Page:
3.07.2010

SUNDAY, March 7, 2010 — Sabrina Walden (syndicated)

Theme: "Diner Sandwiches" — Theme answers are phrases "sandwiched" by the letters BLT.

[Note: This is the syndicated L.A. Times puzzle. It does not appear in the actual newspaper, but is available for free at cruciverb.com.]


Theme answers:
  • 23A: *Site of illegal jobs? (BANK VAULT).
  • 25A: *Hit the roof (BLOW A GASKET).
  • 41A: *Not sportsmanlike (BELOW THE BELT).
  • 64A: *Unfamiliar subject (BLIND SPOT).
  • 87A: *Childbirth (BLESSED EVENT).
  • 109A: *Arena for illegal trading (BLACK MARKET).
  • 112A: *Easy way to win a game (BY DEFAULT).
  • 37D: *Checkup component (BLOOD COUNT).
  • 47D: *19-Across brand (BLUE BONNET).
  • 112D: Diner order found "sandwiched" around the answers to starred clues (BLT).
Crosswordese 101 Round-Up:
  • 19A: Spread selection (OLEO).
  • 84A: Family tree word (NÉE).
  • 92A: Yours, in Ypres (À TOI).
  • 102A: Rhein feeder (AARE).
  • 117A: "Golden Boy" dramatist (ODETS).
  • 8D: Giant slugger (OTT).
  • 35D: Bird sacred to Tut (IBIS).
  • 48D: Maui neighbor (LANAI).
  • 104D: Tammany Hall caricaturist (NAST).
Everything Else — 1A: CBer's acknowledgment (COPY); 5A: Plus (ALSO); 9A: Severe, as criticism (ACERB); 14A: Tests not for srs. (PSATS); 19A: Spread selection (OLEO); 20A: Tug, say (BOAT); 21A: Public commotion (FUROR); 22A: "Peter and the Wolf" bird (SASHA); 27A: Compact summary (SYNOPSIS); 28A: Netflix delivery (VIDEO); 29A: Plate with five sides (HOME); 30A: Irish-themed Vegas casino (O'SHEAS); 32A: Board meeting VIP (SECY.); 33A: Dived neatly (into) (KNIFED); 35A: Copyright pg. item (ISBN); 38A: Stars of old Rome? (ASTRA); 40A: Oz creator (BAUM); 46A: Awful (HORRIBLE); 50A: Newsworthy '90s jurist (ITO); 51A: Alabama rival (AUBURN); 52A: Cruise stops (PORTS); 53A: Murphy's __ (LAW); 54A: Place to find loafers (SHOE STORE); 56A: __ Alps: Eiger locale (BERNESE); 58A: Arles article (UNE); 59A: Spreadsheet entry (DATUM); 60A: Troubled (AILED); 61A: Osso buco meat (VEAL); 62A: Holy, to René (SACRE); 68A: Exxon merger partner (MOBIL); 69A: Cyclo- ending (TRON); 70A: Where to see "The Sopranos" nowadays (A AND E); 71A: Boxer Marciano's birth name (ROCCO); 73A: Country on the Rio de la Plata: Abbr. (URU.); 74A: Castle with a stone (BLARNEY); 77A: Wildly excited (IN A FRENZY); 81A: "Gee!" ("MAN!"); 82A: Spanish poet García __ (LORCA); 83A: Arenas (STADIA); 84A: Family tree word (NÉE); 85A: Present (PUT FORTH); 90A: 500-mile race, briefly (INDY); 91A: Modesto winery name (GALLO); 92A: Yours, in Ypres (À TOI); 93A: Lunchroom staple, for short (PB AND J); 96A: Unbending (FIRM); 97A: Bubbly brand that rhymes with an entrance chime (KORBEL); 102A: Rhein feeder (AARE); 103A: How the confident do crosswords (IN INK); 105A: Ruffian (HOOLIGAN); 113A: Advantage (LEG UP); 114A: "Hollywood Nights" rocker Bob (SEGER); 115A: Wanton look (LEER); 116A: Expos, since 2005 (NATS); 117A: "Golden Boy" dramatist (ODETS); 118A: Irony, e.g. (TROPE); 119A: General __ chicken (TSO'S); 120A: Chicago daily, familiarly (TRIB); 1D: Corn holders (COBS); 2D: Big name in skin care (OLAY); 3D: Philly school (PENN); 4D: "Starpeace" musician (YOKO ONO); 5D: Embarrass (ABASH); 6D: One of Donald Duck's nephews (LOUIE); 7D: Ballroom dance (SALSA); 8D: Giant slugger (OTT); 9D: Mil. jet locale (AFB); 10D: Drain (CULVERT); 11D: Beethoven's Third (EROICA); 12D: Boisterous (ROWDY); 13D: Loch Lomond hill (BRAE); 14D: Free TV spot (PSA); 15D: Sushi bar order (SASHIMI); 16D: Want from (ASK OF); 17D: Central idea (THEME); 18D: Glutted (SATED); 24D: CEO's underlings (VPS); 26D: Amusement park attraction (GO-KARTS); 31D: Sussex sword (SABRE); 32D: Mo. town (STL); 34D: Care for (NURSE); 35D: Bird sacred to Tut (IBIS); 36D: Genesis brother (SETH); 39D: Rep.'s counterpart (SEN.); 40D: Bring to tears? (BORE); 42D: Refuse (WASTE); 43D: "The Nutcracker" garb (TUTU); 44D: Oppenheimer opposed it (H-BOMB); 45D: Alps site: Abbr. (EUR.); 46D: 1953 John Wayne film (HONDO); 48D: Maui neighbor (LANAI); 49D: ''The Girl Can't Help It'' actor Tom (EWELL); 52D: Scrub up, e.g. (PREP); 55D: Net (EARN); 56D: Fussbudget (BIDDY); 57D: Additional (ELSE); 60D: Ill-fated Boleyn (ANNE); 61D: Sotto __: softly (VOCE); 62D: Confound (STUMP); 63D: Pianist Claudio (ARRAU); 65D: Durable wood (LARCH); 66D: Collector's suffix (-IANA); 67D: Sports headline item (TRADE); 68D: Jazz singer Carmen (MCRAE); 72D: "The Wizard __" (OF ID); 74D: Like Dennis the Menace (BLOND); 75D: Conrad novel (LORD JIM); 76D: Chichi (ARTY); 77D: "Everything is fine" (IT'S OK); 78D: __ in November (N AS); 79D: Greek philosopher known for a paradox (ZENO); 80D: Himalayan legend (YETI); 83D: Sprinkling on French fries? (SEL); 86D: Sliced in thin strips (FINE-CUT); 87D: Beer server (BARKEEP); 88D: Advanced legal deg. (LLM); 89D: Foster's prince (VALIANT); 91D: __ biloba: claimed memory-enhancing extract (GINKGO); 93D: Artist Picasso (PABLO); 94D: In bundles (BALED); 95D: Very angry, after "in" (A RAGE); 96D: One with an ax? (FIRER); 98D: "For sure!" ("OH YES!"); 99D: Where the big bucks are? (RODEO); 100D: Afrikaans speakers (BOERS); 101D: One of Santa's team (ELF); 104D: Tammany Hall caricaturist (NAST); 106D: Gum-producing plant (GUAR); 107D: Height: Pref. (ALTI-); 108D: U.S. accident investigator (NTSB); 110D: G.I. mess crews (KPS); 111D: Amount past due? (TRE).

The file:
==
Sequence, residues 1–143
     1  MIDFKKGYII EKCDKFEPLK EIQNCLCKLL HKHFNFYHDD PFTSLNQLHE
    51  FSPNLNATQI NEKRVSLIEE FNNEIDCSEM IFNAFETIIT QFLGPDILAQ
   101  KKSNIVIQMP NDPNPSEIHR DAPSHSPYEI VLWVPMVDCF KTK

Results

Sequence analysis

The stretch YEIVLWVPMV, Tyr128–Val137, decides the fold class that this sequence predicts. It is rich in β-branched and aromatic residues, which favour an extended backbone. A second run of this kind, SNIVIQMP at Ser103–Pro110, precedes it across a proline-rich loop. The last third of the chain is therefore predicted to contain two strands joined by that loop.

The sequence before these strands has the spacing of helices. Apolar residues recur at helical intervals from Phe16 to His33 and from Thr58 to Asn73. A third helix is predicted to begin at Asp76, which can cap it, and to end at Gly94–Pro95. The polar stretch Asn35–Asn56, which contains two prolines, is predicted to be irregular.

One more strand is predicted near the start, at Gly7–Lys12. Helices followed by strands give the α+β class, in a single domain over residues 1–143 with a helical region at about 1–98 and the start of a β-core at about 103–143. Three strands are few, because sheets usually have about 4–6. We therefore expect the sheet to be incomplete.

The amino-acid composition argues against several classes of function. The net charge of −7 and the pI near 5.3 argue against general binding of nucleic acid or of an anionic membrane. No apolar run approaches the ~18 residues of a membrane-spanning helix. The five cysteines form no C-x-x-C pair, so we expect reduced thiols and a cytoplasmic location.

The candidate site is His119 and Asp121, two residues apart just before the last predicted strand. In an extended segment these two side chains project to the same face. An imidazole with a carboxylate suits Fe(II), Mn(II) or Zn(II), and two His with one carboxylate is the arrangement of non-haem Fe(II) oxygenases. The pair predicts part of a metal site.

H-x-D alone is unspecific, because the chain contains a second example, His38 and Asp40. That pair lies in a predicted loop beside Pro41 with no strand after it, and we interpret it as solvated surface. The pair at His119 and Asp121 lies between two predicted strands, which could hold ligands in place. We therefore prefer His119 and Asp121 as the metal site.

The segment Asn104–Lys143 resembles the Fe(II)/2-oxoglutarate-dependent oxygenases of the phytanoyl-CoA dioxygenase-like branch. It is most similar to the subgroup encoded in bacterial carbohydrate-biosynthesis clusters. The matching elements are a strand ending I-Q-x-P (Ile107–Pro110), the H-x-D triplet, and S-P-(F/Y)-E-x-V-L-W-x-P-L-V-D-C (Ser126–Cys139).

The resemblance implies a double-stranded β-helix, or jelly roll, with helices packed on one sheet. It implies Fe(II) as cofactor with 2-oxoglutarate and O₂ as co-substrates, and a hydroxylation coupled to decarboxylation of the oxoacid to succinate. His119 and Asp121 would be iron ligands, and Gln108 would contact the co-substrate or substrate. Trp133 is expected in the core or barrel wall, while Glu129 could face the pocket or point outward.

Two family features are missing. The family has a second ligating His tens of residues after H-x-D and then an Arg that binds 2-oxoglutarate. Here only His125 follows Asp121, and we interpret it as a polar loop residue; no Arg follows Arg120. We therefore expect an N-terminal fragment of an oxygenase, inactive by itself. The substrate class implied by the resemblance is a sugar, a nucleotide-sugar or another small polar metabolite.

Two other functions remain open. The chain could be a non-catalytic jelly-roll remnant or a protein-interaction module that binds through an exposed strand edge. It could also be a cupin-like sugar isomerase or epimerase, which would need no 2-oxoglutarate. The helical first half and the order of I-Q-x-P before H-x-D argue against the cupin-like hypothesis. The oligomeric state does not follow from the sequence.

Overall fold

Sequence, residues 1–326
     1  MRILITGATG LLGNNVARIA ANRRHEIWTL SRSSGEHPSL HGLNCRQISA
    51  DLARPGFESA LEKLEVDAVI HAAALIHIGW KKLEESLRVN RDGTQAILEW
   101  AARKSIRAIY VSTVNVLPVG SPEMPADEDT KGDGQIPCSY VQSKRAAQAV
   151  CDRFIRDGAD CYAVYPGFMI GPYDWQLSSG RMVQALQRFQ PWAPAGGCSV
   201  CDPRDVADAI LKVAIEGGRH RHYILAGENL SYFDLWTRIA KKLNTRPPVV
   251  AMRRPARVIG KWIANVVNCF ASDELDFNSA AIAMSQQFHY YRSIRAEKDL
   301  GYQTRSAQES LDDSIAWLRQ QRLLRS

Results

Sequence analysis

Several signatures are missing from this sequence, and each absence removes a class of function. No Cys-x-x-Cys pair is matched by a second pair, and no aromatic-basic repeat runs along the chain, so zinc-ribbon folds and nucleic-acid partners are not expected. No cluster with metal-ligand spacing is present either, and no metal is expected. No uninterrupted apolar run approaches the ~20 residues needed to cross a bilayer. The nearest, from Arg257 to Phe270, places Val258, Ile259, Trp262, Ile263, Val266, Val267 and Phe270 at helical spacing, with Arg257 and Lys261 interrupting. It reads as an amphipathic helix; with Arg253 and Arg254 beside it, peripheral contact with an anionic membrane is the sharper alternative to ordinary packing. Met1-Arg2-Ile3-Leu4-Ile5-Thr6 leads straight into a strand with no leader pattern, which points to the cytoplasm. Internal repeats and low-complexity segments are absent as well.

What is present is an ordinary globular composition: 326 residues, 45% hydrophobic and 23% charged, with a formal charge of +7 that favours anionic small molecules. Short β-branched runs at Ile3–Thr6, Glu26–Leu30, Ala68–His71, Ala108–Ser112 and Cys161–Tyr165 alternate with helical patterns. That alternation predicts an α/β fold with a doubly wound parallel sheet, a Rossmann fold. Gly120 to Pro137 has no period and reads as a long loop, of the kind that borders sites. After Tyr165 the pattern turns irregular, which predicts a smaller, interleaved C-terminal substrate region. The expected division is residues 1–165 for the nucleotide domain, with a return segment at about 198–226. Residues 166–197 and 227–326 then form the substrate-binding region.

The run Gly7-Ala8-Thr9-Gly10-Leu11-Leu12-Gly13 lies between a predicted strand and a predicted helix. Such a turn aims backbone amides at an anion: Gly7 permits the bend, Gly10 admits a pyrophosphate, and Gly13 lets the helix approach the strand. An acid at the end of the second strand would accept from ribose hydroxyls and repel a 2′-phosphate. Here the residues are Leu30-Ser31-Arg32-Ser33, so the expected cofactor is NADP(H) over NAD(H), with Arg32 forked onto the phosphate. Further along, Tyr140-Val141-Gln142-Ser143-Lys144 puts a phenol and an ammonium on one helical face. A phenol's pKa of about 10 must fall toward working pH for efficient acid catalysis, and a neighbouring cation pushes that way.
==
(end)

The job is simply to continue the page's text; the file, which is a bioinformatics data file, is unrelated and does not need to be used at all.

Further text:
13 comments:

JOHNSNEVERHOME said...

For a Sunday this was a pretty easy puzzle. No ACERB criticism here. I liked the complex words as well as the theme. Any theme that mentions Bacon, Lettuce and Tomato sandwichs can't be all bad. Yum!
Oh yeah, and then there's P B AND J ALSO.
Good words like CULVERT, SACRE, HONDO, LORD JIM, BERNESE, BLARNEY, KORBEL, and HOOLIGAN... uncommon CW words but quite doable from the excellent cluing. I now have another favorite constructor... thank you, Sabrina Walden (I love both those names). I always forget the Wizard OFID and put in OFOZ... this is a common CW snare.
You'll never catch me doing a crossword ININK!